Setting the table for tonight’s debate, Nedra Pickler of the Associated Press writes, “Kerry stepped up his rhetoric, too, after a report raised fresh questions about Saddam Hussein’s ability to make weapons of mass destruction — the president’s main rationale for war.”
Raised fresh questions? That’s putting it generously. Here’s how The Washington Post described the report yesterday:
The 1991 Persian Gulf War and subsequent UN inspections destroyed Iraq’s illicit weapons capability and, for the most part, Saddam Hussein did not try to rebuild it, according to an extensive report by the chief U.S. weapons inspector in Iraq that contradicts nearly every prewar assertion made by top administration officials about Iraq.
Charles A. Duelfer, whom the Bush administration chose to complete the US investigation of Iraq’s weapons programs, said Hussein’s ability to produce nuclear weapons had “progressively decayed” since 1991. Inspectors, he said, found no evidence of “concerted efforts to restart the program.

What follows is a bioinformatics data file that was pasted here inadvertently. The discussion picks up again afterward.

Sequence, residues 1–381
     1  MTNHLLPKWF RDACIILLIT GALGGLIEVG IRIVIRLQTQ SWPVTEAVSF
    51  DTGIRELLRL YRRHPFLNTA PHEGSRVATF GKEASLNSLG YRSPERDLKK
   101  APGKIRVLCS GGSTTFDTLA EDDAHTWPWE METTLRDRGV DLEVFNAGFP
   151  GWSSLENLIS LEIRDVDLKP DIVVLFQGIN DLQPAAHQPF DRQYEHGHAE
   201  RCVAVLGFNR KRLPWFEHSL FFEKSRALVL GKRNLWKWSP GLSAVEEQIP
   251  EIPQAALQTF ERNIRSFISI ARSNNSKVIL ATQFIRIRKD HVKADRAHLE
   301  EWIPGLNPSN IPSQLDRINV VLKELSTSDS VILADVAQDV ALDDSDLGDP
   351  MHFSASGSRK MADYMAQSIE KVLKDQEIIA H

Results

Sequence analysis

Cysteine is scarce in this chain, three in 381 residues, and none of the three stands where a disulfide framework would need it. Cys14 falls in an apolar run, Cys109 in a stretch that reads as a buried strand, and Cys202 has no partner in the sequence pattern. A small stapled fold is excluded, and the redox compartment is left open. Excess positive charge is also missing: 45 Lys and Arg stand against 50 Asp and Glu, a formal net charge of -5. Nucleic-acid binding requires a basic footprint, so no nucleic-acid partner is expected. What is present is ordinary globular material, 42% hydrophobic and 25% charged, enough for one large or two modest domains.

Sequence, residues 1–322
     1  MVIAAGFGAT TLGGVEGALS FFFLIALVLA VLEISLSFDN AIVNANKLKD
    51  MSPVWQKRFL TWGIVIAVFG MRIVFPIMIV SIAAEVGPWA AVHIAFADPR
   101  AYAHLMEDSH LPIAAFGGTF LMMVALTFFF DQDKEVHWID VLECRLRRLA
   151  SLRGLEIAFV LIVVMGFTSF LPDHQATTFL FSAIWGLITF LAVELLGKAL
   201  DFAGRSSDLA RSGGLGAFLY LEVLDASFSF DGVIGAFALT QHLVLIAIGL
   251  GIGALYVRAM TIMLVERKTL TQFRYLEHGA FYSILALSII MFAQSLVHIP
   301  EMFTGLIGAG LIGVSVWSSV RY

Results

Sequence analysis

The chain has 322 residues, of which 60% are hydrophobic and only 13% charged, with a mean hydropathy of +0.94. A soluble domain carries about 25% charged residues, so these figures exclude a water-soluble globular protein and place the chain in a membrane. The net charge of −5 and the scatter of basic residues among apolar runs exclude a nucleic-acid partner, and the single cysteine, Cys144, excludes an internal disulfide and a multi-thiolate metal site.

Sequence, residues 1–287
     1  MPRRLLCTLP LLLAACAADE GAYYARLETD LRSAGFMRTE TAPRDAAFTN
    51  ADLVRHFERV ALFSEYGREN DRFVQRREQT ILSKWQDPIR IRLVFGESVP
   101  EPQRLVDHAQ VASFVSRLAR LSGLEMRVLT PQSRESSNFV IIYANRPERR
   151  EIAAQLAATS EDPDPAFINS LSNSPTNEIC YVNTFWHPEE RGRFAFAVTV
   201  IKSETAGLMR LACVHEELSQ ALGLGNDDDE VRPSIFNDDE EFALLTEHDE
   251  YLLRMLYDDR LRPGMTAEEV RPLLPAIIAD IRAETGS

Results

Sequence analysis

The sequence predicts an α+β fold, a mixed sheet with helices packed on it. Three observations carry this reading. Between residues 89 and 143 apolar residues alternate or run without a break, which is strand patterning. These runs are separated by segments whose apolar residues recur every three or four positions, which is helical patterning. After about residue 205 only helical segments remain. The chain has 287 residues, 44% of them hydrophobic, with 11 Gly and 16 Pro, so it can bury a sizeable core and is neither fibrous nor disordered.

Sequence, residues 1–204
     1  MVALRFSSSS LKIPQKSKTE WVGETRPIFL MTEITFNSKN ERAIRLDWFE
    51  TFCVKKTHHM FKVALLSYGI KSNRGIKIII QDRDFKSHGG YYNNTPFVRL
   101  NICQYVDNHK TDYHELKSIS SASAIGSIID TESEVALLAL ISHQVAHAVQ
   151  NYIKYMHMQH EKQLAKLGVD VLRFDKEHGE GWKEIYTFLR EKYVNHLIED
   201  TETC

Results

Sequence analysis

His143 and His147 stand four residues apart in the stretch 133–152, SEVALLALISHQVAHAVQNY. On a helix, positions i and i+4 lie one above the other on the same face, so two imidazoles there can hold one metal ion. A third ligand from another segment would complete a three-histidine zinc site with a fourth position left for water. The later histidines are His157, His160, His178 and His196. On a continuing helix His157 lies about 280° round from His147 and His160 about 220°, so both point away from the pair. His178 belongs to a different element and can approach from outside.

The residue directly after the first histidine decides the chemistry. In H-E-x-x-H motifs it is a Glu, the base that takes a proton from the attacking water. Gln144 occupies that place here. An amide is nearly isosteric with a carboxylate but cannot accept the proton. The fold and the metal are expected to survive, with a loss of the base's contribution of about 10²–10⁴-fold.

The New York Times write-up was similar:
Iraq had destroyed its illicit weapons stockpiles within months after the Persian Gulf war of 1991, and its ability to produce such weapons had significantly eroded by the time of the American invasion in 2003, the top American inspector for Iraq said in a report made public Wednesday.
The report by the inspector, Charles A. Duelfer, intended to offer a near-final judgment about Iraq and its weapons, said Iraq, while under pressure from the United Nations, had “essentially destroyed” its illicit weapons ability by the end of 1991, with its last secret factory, a biological weapons plant, eliminated in 1996.
In short, the report did a little more than “raise fresh questions” about Saddam’s ability to produce WMD. It stated pretty categorically that Saddam lacked that ability. But we’re not expecting Pickler to write that any time soon.